An interesting salad adds to a meal with taste, texture, and color. Food should appeal to all the senses not just taste. Lately, I have been obsessed with Slaws which create for different seasons and occasions. And Slaws are healthy especially dressed with simple ingredients. for a colorful holiday slaw, I added pomegranate arils and pecans for crunch.
This recipe works well with other veggies like Brussel sprouts, kale or broccoli. Experiment and see what works for you.
1/2 cup olive oil
1/4 cup Champagne vinegar
2 tsp. Dijon mustard
2 tsp. kosher salt
1/2 tsp. black pepper
3 cups cabbage, thinly sliced
2 cup purple cabbage, thinly sliced
1/2 cup carrots, thinly sliced
1/2 cup baby kale
1 cup toasted pecans, chopped
1 Anjou pear, thinly sliced (about 1 cup)
1/4 cup pomegranate arils (seeds)
Whisk together oil, vinegar, mustard, salt and pepper in a small bowl. Place cabbages, carrots, and kale in a large bowl. Add 1/2 cup of the dressing, and toss to combine. Let stand at room temperated 30 minutes to 1 hour.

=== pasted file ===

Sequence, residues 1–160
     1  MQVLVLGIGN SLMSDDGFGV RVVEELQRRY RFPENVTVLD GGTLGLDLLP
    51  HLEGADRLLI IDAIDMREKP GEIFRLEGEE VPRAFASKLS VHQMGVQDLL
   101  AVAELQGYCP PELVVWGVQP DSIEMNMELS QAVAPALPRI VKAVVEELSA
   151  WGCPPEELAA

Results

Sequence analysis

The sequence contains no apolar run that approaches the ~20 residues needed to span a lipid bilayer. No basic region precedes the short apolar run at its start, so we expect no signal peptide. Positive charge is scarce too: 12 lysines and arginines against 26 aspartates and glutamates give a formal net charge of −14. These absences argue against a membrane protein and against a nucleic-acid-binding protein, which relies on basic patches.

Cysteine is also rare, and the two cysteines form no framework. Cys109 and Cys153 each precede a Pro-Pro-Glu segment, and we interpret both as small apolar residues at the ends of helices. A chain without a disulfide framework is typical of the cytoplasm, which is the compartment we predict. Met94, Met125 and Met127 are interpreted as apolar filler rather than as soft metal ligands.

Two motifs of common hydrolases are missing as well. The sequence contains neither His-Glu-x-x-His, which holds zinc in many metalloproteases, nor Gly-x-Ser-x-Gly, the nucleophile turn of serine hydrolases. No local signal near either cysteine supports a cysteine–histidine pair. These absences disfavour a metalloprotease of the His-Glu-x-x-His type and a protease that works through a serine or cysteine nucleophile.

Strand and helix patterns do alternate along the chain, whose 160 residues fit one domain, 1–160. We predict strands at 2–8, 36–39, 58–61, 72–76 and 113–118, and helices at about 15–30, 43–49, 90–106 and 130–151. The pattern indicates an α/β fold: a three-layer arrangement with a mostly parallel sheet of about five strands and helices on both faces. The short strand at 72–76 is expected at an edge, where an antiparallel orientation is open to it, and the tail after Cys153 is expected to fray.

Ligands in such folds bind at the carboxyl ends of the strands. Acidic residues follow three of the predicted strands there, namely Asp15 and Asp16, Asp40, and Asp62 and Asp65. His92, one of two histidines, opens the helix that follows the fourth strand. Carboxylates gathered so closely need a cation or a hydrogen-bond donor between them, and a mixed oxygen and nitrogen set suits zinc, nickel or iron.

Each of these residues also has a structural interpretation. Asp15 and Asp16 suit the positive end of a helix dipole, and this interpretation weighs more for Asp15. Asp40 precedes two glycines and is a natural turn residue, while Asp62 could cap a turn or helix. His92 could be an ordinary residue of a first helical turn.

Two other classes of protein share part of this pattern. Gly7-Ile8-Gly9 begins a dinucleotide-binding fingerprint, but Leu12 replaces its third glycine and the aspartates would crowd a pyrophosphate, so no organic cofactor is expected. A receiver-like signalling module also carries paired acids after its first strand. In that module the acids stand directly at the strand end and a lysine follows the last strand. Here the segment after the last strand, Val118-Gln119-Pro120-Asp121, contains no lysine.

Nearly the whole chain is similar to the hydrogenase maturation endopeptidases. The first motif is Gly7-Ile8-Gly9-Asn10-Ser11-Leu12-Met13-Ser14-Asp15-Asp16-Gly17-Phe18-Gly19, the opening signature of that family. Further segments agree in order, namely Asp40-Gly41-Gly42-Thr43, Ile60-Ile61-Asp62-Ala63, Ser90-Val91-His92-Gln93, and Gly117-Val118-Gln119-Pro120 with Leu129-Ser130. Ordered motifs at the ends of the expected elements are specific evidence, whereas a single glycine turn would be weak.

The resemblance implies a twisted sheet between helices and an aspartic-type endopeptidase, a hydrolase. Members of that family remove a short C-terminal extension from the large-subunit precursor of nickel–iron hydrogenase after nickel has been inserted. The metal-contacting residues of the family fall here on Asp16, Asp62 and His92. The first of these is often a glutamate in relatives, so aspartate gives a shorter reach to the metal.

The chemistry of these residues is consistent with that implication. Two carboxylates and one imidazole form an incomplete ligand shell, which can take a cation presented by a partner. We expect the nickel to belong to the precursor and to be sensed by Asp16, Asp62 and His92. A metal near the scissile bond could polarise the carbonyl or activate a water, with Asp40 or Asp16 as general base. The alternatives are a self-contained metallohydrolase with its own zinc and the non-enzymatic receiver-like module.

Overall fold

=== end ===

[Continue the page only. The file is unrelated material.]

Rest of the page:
Add pecans, pear slices, and pomegranate arils, and toss to combine. Drizzle with remaining dressing just before serving.
Who doesn’t love cheesecake? That rich, creamy taste savored with each bite, a sweet treat that is the perfect finish for any meal! The variety and texture of cheesecakes are endless. Cheesecake can be very dense and heavy or light and fluffy. You can use graham crackers, chocolate cookies, or pastry for the crust and fill it with your favorite recipe. I guess you can tell I love making all types of cheesecakes. Also, flavorings and toppings are endless to create wonderfully tasty cakes for special occasions.
At Christmas, I like to make an Eggnog cheesecake topped with cranberries and cherry preserves for a festive dessert table.
I like this recipe because it is light with a baking method that ensures the cheesecake doesn’t crack. I made either a fruit topping, or if you prefer, you can make a whipped cream topping sprinkled with sparkly candied crystals.
2 ¼ cups (302g) graham cracker crumbs
½ cup (112g) salted butter, melted
3 tbsp (39g) sugar
1/2 tsp nutmeg
24 ounces (678g) cream cheese, room temperature
1 cup (207g) sugar
3 tbsp (24g) all purpose flour
1 cup (230g) eggnog
3/4 tsp ground nutmeg
4 large eggs, room temperature
1 12-ounce jar cherry preserves
1 cup cranberries
1 tablespoon brandy or rum
Preheat oven to 325°F (163°C). Line a 9-inch (23cm) springform pan with parchment paper in the bottom and grease the sides. Combine the crust ingredients in a small bowl. Press the mixture into the bottom and up the sides of the springform pan. Bake the crust for 10 minutes, then set aside to cool. Cover the outsides of the pan with aluminum foil so that water from the water bath cannot get in. Set prepared pan aside.